by Kirsty Logan
Romance is candlelight on cheekbones, blurring gazes and the press of heels on strange sheets. But what happens a year later? You’re sharing bath towels and bickering over who forgot to buy a light bulb. There is beauty in a familiar hand on the nape of your neck. There is love in waking up under a shared blanket. This story is about the romance of domesticity.
“Kirsty is one of the best and brightest . . . when I read her stuff I feel like I could taste it, chew it, roll it around on my tongue, the language is so delicious and sturdy and musical. She also has a knack for getting relationships exactly right in her writing, whether between parent and child or lovers or friends.”
— Amber Sparks, Fiction Editor at Emprise Review
My breathing is slow and dreams are starting to flicker behind my eyelids, but I do not sleep; not yet. In the pale dusk light I watch the tiny movements of your dozing face.
You turn, revealing secret dark roots of hair, the soft dent of an armpit. The sheet-creases on your breasts and cheek, the pencil dashes of your brows are a message for me to decode.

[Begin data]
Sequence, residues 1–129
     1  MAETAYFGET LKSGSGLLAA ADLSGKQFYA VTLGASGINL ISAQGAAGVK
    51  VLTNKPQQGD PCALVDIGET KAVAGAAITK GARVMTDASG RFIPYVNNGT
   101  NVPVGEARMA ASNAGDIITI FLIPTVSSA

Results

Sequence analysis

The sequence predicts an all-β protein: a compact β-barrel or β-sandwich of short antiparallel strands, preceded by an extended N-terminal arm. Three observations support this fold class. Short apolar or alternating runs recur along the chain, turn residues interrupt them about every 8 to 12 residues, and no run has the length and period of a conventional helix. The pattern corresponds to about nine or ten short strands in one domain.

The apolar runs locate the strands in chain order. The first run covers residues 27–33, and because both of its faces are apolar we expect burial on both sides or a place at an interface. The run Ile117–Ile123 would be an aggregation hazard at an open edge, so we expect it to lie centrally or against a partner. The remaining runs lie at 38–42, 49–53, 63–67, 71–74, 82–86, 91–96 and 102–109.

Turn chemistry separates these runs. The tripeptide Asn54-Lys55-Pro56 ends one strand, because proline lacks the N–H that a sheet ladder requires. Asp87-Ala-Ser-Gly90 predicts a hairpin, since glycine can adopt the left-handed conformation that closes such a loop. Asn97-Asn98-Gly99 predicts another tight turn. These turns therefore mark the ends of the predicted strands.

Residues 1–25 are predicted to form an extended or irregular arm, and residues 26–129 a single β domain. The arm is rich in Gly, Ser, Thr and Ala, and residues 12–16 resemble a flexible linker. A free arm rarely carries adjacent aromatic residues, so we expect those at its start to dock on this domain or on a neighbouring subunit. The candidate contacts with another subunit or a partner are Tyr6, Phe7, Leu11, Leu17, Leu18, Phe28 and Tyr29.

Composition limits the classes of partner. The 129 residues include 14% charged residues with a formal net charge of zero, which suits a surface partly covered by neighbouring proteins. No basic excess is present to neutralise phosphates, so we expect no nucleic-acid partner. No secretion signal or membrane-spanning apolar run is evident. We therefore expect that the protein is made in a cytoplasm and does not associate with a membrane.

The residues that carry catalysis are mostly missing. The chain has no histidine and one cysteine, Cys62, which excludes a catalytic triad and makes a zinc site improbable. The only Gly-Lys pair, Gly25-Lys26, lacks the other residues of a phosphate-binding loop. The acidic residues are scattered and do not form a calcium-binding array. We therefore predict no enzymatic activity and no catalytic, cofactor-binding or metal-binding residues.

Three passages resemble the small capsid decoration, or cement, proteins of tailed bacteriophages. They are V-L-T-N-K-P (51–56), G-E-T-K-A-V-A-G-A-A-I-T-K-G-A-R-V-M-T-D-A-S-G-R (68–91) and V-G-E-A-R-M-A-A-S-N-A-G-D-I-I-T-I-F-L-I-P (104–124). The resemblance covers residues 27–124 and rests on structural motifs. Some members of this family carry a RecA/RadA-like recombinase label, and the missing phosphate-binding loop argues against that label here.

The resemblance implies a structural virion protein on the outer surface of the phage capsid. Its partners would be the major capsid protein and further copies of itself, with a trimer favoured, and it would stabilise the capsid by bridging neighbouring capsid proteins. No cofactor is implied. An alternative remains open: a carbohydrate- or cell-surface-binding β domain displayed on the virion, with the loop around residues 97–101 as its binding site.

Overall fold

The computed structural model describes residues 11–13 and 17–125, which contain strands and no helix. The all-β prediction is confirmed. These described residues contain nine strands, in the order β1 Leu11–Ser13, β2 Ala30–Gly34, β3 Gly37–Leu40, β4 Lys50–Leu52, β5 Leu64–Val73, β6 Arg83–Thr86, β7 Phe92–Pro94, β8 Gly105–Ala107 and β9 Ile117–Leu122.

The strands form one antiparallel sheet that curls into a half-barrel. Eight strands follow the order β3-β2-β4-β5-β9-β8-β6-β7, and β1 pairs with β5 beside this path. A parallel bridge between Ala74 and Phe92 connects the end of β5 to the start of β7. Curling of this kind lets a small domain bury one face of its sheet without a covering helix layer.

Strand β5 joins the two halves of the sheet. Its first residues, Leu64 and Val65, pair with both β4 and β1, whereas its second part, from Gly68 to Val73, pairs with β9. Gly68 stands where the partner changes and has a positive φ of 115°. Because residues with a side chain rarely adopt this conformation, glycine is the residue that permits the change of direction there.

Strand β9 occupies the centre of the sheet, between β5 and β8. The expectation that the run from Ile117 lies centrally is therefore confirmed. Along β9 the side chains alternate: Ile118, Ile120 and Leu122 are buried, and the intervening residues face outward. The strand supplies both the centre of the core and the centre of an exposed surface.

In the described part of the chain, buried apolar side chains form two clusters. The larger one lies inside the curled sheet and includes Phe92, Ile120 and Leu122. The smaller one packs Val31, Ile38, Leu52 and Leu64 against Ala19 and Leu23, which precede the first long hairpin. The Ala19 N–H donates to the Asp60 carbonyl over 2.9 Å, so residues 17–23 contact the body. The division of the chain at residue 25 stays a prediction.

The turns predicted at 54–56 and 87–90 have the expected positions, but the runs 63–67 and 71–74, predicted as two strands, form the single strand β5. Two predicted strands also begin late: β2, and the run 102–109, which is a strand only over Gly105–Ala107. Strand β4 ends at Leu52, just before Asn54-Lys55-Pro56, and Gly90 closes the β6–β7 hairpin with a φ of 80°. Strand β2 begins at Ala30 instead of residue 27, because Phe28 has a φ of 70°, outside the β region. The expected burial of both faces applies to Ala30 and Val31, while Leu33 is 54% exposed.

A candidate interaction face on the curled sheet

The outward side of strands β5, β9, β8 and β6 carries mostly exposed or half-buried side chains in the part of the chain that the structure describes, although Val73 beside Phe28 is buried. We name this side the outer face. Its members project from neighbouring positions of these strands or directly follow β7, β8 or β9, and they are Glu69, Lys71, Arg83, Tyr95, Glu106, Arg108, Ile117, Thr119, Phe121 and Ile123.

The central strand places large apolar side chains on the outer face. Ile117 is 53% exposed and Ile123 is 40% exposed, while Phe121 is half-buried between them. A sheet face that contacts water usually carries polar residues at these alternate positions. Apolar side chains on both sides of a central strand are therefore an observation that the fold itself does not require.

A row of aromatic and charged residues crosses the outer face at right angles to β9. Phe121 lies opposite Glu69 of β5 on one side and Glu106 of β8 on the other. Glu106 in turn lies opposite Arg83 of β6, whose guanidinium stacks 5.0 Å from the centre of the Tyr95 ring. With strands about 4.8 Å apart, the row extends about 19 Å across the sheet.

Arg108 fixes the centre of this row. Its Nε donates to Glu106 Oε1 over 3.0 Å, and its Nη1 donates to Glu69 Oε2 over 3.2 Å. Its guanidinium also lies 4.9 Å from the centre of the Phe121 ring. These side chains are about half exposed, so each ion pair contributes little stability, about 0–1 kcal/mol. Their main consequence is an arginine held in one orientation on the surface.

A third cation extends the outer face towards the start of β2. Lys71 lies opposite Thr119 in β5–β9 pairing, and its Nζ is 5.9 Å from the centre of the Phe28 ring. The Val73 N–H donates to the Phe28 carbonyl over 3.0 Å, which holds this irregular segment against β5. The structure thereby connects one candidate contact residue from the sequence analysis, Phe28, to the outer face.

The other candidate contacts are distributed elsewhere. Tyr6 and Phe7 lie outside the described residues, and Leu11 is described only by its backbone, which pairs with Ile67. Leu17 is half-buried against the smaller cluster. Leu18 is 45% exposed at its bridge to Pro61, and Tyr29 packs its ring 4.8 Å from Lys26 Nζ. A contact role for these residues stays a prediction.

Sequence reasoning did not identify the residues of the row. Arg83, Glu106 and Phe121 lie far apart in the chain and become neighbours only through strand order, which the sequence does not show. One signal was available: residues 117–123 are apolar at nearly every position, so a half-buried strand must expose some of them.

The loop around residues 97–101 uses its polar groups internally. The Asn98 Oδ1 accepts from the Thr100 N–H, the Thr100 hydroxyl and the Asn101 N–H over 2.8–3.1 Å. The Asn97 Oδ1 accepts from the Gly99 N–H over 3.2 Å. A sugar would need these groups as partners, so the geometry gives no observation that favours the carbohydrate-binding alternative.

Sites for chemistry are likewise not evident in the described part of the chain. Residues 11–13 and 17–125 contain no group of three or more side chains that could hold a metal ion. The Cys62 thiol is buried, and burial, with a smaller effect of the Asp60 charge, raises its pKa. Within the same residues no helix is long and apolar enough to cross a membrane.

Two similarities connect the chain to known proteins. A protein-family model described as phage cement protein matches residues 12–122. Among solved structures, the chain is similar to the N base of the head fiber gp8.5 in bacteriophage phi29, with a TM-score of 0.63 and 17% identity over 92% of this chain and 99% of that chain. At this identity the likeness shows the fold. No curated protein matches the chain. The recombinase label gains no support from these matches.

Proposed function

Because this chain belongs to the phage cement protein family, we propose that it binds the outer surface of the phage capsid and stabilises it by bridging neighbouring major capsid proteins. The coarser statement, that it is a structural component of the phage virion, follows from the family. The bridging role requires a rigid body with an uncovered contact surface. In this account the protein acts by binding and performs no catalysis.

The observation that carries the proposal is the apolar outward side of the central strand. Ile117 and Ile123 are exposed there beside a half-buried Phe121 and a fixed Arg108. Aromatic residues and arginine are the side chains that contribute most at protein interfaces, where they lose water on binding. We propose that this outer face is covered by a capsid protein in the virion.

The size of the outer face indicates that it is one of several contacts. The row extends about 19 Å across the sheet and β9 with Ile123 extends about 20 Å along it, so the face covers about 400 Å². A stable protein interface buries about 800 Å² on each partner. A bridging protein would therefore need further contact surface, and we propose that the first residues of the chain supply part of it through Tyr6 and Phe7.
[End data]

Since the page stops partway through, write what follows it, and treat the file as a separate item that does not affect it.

In the drowsy air I lean into you. Your mouth tastes of toothpaste and vanilla; your hair smells of shampoo, salt, sleep-warm skin. You turn again, away from me; your arm reaches out to rest on the centre of me. And I sleep.
You have never been able to stay still while brushing your teeth. I plant my feet on the tiled floor, head bent over the sink, and scrub. You wander up and down the stairs, checking that the back door is locked, switching off the outside light, making sure the cat’s bowl is full. The rhythm of your scrubbing moves in stereo from my left ear to my right as you drift around the house. I spit and rinse, the cold water sharp against my gums.
I turn and there you are, toothbrush hanging out the side of your grin, waiting for me to move. The house is chilly at this time of year and your nipples press out at me. I drop to my knees in front of you and press my lips to one of the rigid bumps, breathing out to warm it. I press my palm against your other nipple, feeling it harden despite the heat.
You start to moan, then stop and laugh. I look up at the toothbrush still sticking out of your mouth, toothpaste smeared at the corners, and I laugh too. You bend over the sink and spit; I lean myself into you, holding the weight of your breasts in my hands, pressing myself against the warmth of your back. This is my body your body my body. There are no distinctions. We take giant-steps to the bedroom—bodies still pressed together, skin brushing skin, my arms wrapped around your waist.